While the Messianic Jewish movement—i.e. Jews converted to Christianity while keeping their Jewish identity and some Jewish practices—has only existed in Germany since 1995, it numbers now some 40 groups with about 1,000 members, reports Stefanie Pfister in the German monthly Materialdienst der EZW (July).
The appearance of Messianic Judaism is linked to the revival of Jewish life in Germany following the immigration of Russian Jews. More than 198,000 of them migrated to Germany between 1993 and 2006, but a number of them actually had Jewish descent only from their fathers’ side, which does not make them Jews from a traditional Jewish viewpoint, thus making their integration into Jewish religious life difficult. This and other reasons explain why only half of the “Jewish” immigrants actually belong to a Jewish congregation.
The first Messianic Jewish groups in Germany were established by people who had already become Messianic believers in the former Soviet Union (FSU) in the early 1990s after interacting with evangelicals. Fifty-five to 75 percent of those attending Messianic services are of Jewish descent, and other immigrants from the FSU make a significant percentage of the rest, reports Pfister, who in 2008 published a doctoral thesis on the movement (in German). These services take place on Shabbat and have a strong Jewish flavor (including menorah, Israeli flags, shofar, kippa and tallit).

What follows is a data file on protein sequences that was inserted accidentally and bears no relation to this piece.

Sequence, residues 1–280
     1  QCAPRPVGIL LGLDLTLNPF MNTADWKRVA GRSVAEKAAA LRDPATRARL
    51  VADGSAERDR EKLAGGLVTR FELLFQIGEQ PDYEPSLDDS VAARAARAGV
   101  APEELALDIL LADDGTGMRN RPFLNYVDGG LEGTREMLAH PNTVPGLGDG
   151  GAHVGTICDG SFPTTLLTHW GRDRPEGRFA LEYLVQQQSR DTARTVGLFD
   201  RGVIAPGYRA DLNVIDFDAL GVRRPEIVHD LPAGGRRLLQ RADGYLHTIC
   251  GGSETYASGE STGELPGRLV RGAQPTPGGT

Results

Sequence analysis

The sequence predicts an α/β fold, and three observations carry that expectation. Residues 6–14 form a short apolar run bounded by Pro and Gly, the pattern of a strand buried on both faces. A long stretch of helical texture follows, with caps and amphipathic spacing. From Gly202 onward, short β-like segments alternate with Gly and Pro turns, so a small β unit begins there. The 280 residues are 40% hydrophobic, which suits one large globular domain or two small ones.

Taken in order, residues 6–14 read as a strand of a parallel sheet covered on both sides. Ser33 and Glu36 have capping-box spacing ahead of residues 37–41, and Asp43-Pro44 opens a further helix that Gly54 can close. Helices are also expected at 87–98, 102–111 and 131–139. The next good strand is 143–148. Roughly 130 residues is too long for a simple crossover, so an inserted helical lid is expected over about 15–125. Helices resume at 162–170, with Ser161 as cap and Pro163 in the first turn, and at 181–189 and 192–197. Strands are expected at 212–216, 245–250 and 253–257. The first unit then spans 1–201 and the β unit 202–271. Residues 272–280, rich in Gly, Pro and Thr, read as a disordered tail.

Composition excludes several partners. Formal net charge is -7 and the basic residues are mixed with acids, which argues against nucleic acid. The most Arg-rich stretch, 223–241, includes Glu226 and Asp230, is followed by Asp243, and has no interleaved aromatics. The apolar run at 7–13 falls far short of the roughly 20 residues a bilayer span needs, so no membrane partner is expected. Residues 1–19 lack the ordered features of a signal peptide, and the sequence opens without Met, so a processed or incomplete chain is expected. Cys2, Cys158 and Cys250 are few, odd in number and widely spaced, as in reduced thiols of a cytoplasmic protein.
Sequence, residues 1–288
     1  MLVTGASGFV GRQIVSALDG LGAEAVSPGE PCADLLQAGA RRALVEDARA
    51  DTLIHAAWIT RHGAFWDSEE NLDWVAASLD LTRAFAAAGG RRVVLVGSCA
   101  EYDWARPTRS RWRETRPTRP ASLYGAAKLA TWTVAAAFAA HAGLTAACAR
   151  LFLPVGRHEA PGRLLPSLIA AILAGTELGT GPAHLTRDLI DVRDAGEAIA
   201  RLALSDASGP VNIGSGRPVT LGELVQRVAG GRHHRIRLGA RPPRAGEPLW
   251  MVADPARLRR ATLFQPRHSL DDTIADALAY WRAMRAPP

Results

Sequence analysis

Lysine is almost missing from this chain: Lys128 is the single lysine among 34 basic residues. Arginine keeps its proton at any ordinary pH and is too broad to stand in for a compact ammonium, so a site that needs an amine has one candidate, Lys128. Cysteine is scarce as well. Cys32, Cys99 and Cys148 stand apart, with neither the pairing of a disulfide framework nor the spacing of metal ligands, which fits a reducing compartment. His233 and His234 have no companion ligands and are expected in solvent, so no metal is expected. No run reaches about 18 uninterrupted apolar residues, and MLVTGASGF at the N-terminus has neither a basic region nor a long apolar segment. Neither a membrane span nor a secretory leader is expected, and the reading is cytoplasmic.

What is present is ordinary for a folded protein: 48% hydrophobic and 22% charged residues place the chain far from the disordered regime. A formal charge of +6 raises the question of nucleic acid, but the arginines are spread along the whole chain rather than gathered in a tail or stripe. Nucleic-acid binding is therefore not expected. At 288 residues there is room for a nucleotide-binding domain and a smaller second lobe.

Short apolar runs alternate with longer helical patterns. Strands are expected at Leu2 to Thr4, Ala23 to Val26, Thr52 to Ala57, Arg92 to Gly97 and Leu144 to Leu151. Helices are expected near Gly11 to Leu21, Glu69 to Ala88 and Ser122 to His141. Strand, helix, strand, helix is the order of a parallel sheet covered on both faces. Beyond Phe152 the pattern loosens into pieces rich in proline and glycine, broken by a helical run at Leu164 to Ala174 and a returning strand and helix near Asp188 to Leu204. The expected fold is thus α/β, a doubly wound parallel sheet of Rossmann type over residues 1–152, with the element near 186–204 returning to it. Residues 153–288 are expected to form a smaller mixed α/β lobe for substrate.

Most services are celebrated in Russian, but leaders of the movement see this as a transitory stage, before moving to German and expanding—something that will be needed even more due to the slowing down of Jewish immigration from Russia to Germany. The movement is not homogeneous: some of the groups are independent, while others are connected to various Jewish or Israel-oriented evangelical groups.
(Materialdienst der Evangelischen Zentralstelle für Weltanschauungsfragen, Auguststrasse 80, 10117 Berlin, Germany, http://www.ezw-berlin.de)